Investigative DEMS (digital evidence management systems) span the entire investigation but are rare in our industry. They enable strong collaboration by streamlining investigator and lab processes from the beginning of the investigative workflow, and allow evidence to be submitted, assigned, tracked and reviewed all from a browser. The lead investigative agency can upload and analyse the digital evidence, then instantly share it with those involved in the investigation with just a few clicks of a mouse. These efficiencies ultimately help reduce investigator case backlogs and increase case resolution.

Addressing command staff’s concerns

Cloud-based solutions are now widely accepted as the safest and most secure ways to store data – especially when you consider the risks of the current physical storage methods – and this is why many agencies are switching.

The vendor handles the security patches and penetration testing to monitor weaknesses and potential threats. Many vendors even have dedicated network and security operators who perform continuous testing.

Choosing a provider

Security is paramount for those seeking cloud-based solutions, which is why it is critical to identify industry-leading providers with a proven track record in the law enforcement arena.

You will undoubtedly look for solutions that utilise data encryption and multi-factor authentication to ensure evidentiary integrity. Compliance frameworks, including ISO 27001 and SOC2, help ensure a particular solution (and its vendor) have proven their mettle.

Looking deeper, be sure your provider understands the threat landscape and is equipped to respond and manage security incidents. Ask questions about ‘tenant’ segregation, isolation and web security monitoring capabilities.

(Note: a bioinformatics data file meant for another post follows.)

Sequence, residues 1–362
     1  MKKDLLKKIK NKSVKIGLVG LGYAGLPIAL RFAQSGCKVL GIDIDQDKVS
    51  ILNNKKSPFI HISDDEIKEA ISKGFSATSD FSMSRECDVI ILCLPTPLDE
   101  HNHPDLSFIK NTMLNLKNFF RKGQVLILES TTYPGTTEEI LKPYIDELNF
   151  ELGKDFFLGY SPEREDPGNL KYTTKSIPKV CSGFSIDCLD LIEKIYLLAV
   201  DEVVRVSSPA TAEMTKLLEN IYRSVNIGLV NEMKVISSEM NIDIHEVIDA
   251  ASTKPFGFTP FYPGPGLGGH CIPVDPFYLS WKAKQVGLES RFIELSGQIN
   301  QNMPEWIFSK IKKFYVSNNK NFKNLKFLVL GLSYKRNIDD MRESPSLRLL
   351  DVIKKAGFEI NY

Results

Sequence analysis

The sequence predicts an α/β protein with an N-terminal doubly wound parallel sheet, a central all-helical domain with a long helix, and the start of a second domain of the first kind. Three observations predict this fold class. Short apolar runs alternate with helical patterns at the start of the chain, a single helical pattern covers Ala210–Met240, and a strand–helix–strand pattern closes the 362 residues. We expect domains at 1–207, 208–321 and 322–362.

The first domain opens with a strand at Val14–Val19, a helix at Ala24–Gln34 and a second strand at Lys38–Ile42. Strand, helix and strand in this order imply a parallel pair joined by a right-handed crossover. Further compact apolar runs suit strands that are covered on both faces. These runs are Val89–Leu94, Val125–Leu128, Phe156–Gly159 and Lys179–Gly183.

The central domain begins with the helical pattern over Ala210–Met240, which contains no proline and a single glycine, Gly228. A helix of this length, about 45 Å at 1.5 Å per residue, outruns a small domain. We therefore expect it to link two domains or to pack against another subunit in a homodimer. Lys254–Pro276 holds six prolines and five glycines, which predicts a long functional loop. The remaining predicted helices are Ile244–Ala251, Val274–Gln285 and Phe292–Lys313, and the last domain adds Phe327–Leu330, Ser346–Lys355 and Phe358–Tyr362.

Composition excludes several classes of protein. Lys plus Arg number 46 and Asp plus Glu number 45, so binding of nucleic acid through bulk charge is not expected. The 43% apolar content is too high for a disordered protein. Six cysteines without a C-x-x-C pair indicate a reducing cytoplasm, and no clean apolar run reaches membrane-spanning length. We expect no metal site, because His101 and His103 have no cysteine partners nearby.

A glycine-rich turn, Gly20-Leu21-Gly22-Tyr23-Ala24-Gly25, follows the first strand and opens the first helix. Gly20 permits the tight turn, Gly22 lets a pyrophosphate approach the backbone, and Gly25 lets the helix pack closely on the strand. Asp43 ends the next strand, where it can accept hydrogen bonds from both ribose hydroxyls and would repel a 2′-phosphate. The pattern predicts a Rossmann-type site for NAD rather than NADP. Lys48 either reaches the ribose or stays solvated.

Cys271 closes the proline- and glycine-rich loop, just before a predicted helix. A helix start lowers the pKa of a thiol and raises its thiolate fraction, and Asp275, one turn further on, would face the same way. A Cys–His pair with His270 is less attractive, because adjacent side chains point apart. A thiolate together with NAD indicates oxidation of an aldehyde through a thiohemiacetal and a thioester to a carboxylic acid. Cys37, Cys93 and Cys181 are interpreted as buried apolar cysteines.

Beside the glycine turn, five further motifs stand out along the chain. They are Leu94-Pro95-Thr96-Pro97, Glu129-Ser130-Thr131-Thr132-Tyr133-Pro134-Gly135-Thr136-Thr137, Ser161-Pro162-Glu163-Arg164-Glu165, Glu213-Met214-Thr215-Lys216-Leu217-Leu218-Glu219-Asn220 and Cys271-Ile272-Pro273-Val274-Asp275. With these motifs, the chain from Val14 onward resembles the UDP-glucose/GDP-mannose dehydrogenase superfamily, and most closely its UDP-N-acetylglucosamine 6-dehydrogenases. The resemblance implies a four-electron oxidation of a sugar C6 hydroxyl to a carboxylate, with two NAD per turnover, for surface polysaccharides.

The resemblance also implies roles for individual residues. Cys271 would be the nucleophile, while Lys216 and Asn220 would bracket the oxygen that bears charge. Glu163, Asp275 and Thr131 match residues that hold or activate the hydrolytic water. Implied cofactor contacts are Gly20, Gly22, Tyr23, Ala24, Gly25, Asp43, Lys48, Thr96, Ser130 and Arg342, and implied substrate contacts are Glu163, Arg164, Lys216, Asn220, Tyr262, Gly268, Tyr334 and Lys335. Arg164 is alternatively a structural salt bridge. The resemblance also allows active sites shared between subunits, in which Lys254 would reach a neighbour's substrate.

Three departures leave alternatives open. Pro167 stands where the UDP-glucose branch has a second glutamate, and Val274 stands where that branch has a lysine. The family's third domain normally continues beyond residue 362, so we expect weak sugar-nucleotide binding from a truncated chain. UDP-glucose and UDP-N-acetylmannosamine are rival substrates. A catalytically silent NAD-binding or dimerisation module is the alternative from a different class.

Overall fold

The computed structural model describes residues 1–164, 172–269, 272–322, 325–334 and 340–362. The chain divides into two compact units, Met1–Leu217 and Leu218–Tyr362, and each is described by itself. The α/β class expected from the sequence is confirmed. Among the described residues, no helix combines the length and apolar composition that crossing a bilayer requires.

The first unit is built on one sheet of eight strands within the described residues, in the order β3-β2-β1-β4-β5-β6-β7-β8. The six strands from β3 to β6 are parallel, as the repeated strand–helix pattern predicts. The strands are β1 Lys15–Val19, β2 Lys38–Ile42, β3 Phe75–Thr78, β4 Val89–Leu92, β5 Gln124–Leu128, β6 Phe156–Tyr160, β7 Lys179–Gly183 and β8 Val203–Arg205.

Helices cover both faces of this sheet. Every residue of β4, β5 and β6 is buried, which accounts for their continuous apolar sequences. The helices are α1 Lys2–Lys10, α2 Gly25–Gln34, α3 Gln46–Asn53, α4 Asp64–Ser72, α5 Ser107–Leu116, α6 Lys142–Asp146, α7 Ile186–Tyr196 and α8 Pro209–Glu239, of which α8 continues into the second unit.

Finally, determine where your data is stored, any regulatory implications concerning that location, and how you can retrieve it totally if necessary.

While doing so, remember that all cloud hosting is not the same. Amazon Web Services (AWS), for example, offers GovCloud for added security and adherence to compliance frameworks for both private and public sectors.

Conclusion

The amount of digital evidence is increasing, technology will continue to advance, and retention policies are getting stricter and more extended. Furthermore, there is no crime today that does not include some type of digital evidence.

Police agency leaders need to act now. Using outdated technology such as USBs or CDs to store digital evidence in a physical way, instead of digitally in the cloud, can only put your agency at risk.

Ryan Parthemore joined Cellebrite as a SaaS ‘evangelist’ following his extended tenure within law enforcement. A veteran in the industry, he has more than 20 years’ experience as a patrol officer, detective and technical lead in a government digital forensics laboratory. During his time in law enforcement, he completed 559 hours of training in digital forensics, performed thousands of digital forensics examinations, represented his unit through ANAB ISO 17025 accreditation, and testified as an expert witness in state and federal court. He moved to Cellebrite to utilise his expertise to help others in law enforcement find more effective ways to resolve cases.